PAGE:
The Big Disconnect: What Does it Mean?

Posted by Michael A. Berry, Ph.D.

Share on Facebook

Tweet on Twitter

Screen shot 2013-02-18 at 6.07.27 AM

Gold is declining once again this morning. In fact gold has fallen quite dramatically from its high on October 4th of last year at $1797.70 an ounce. Gold trades, as I write, at $1608 an ounce, a decline from its October high of almost 11%.

Gold bugs everywhere are fretting and the gold haters are saying “I told you so.” As you can see, the market gods have not been kind and may have labeled gold the “barbarous relic” John Maynard Keynes dubbed (he was referring to the gold standard at the time) almost a century ago (Monetary Reform 1924).

So has gold run its course? Are we now out of the economic woods? It is interesting to note that the CRB commodity index has taken off at the same time. This would seem to imply that at least the market believes that there’s growth somewhere that will require significant commodity discovery. But it is gold and silver that have not followed suit.

Screen shot 2013-02-18 at 6.07.27 AM

Hand-in-hand, the XAU index has fallen and continues to keep pace on the downside with price of gold. Its decline over the same period is almost 24%. So investors have taken gold and silver stocks, even the legacy producers, out to the woodshed and shot them.

Screen shot 2013-02-18 at 6.08.47 AM

The emerging leader of the legacy gold stock universe today is Goldcorp. By all measures except share price, Goldcorp has provided investors with superior performance. In the fourth quarter alone Goldcorp produced a $504 million profit (earnings attributable to shareholders) primarily from its Canadian Red Lake and Mexican Penasquito mines. The Globe and Mail suggests this 25% increase in shareholder profits, before adjustments, positioned Goldcorp well for the coming year. We agree.

The company has now developed 67.1 million ounces of proven and probable gold resource.

During the past quarter Goldcorp produced 700,400 ounces of gold. At Penasquito alone the company produced 112,900 ounces of gold and 5.2 million ounces of silver. Costs were expected to be between $525 to $575 per gold ounce.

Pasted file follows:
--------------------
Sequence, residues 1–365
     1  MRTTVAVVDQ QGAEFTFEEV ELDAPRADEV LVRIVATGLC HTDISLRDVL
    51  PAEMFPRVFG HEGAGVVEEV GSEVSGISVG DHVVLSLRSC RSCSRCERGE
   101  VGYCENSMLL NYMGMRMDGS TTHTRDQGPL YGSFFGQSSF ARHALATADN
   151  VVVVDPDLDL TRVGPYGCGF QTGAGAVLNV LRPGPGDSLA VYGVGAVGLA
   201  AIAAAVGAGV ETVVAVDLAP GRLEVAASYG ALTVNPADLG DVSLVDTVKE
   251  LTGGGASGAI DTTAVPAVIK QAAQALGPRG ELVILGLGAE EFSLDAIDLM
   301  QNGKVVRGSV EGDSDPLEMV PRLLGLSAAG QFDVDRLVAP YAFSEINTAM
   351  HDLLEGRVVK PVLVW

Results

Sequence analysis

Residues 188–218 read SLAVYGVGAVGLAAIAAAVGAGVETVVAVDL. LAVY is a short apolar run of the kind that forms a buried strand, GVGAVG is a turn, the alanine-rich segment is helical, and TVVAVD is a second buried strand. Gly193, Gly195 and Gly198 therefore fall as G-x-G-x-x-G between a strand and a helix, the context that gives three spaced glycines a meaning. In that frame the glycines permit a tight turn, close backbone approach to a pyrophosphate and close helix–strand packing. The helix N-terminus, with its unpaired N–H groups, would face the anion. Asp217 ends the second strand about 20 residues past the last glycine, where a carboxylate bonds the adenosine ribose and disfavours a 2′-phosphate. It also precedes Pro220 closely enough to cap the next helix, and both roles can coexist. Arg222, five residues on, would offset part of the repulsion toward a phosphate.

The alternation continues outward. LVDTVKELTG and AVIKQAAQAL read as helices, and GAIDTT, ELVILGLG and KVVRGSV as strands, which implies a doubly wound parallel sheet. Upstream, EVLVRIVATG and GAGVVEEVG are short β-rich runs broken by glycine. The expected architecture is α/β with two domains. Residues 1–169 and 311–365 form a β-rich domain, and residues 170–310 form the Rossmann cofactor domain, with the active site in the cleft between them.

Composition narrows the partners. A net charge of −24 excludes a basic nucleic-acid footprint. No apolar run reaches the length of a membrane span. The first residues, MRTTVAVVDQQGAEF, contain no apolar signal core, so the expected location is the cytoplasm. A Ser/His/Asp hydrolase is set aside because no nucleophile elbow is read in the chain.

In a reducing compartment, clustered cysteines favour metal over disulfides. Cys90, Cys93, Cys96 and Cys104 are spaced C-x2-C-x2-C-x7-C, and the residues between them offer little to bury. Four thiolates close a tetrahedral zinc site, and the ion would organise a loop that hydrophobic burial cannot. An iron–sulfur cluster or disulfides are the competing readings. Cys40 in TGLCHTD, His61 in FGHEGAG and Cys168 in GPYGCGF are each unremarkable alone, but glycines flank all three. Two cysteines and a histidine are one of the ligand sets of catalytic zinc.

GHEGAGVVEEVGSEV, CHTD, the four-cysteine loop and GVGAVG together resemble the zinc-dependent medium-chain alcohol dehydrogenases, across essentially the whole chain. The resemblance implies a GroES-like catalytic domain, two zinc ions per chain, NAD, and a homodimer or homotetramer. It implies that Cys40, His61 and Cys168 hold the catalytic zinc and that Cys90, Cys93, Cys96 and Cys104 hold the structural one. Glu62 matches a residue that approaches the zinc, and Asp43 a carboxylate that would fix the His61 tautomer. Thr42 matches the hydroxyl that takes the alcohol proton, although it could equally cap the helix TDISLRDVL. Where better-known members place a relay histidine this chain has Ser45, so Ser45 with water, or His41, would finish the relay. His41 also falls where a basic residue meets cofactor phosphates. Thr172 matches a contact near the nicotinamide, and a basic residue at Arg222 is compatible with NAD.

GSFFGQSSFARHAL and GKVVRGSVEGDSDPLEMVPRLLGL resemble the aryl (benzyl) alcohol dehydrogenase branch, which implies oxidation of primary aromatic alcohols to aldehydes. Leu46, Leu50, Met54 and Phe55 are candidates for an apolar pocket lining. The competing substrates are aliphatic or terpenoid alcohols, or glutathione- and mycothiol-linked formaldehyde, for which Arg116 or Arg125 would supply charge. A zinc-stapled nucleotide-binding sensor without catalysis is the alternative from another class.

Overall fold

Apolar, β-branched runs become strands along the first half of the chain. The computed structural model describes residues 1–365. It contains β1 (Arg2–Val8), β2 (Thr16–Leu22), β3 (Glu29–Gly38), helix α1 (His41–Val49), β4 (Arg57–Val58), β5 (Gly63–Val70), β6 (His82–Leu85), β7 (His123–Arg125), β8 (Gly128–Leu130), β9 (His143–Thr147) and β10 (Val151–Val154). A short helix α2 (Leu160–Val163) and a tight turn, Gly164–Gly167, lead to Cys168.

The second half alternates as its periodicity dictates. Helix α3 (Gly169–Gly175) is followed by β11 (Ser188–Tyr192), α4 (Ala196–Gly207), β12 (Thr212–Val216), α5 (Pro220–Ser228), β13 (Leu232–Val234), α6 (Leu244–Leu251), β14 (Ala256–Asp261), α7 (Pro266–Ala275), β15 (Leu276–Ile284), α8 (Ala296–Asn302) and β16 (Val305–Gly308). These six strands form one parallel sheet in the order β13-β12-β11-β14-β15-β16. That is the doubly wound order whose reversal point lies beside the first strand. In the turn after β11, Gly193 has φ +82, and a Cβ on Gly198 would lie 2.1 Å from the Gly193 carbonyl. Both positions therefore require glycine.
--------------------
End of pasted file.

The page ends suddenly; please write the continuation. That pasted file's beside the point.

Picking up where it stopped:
Operating cash flows for the year before working capital changes totaled $2.4 billion or $2.97 per share. The company increased its monthly dividend 11% to 5 cents a share. On an annual basis the dividend yield is now over 2%. Goldcorp also has reduced its risk, increased its production profile and generated significant free cash flow. Goldcorp looks to become a consolidator in the industry with its significant cash hoard.

As you can see in the following chart of Goldcorp’s share price the stock has declined 29% since its high $47.42 on September 21. It is difficult to explain this decline under the circumstances of such superior operating performance in almost all aspects of the company. The only reasonable explanation is that the market believes that the price of gold is going to fall further.

We are not in that camp. As competitive currency devaluations continue around the world and as the central bankers continue to accumulate gold and print fit currency to depress interest rates, gold and silver and other precious metals, as well as hard assets, must eventually appreciate in price.

There is of course one outstanding issue that we discussed in Wednesday’s Morning Note. It is the issue that all central bankers fear most. Could it be that markets are discounting a deflationary economic scenario in their valuation of gold? Will cash reign supreme?

It doesn’t appear likely that central bankers of the world, at this stage, will be curtailing their quantitative easing programs anytime soon with Western growth depressed. And given the recent and 3 1/2 month increase in the CRB commodity index (see graph of the CRB below) and the apparent resilience of the largely debt-free emerging world, global deflation does not seem imminent.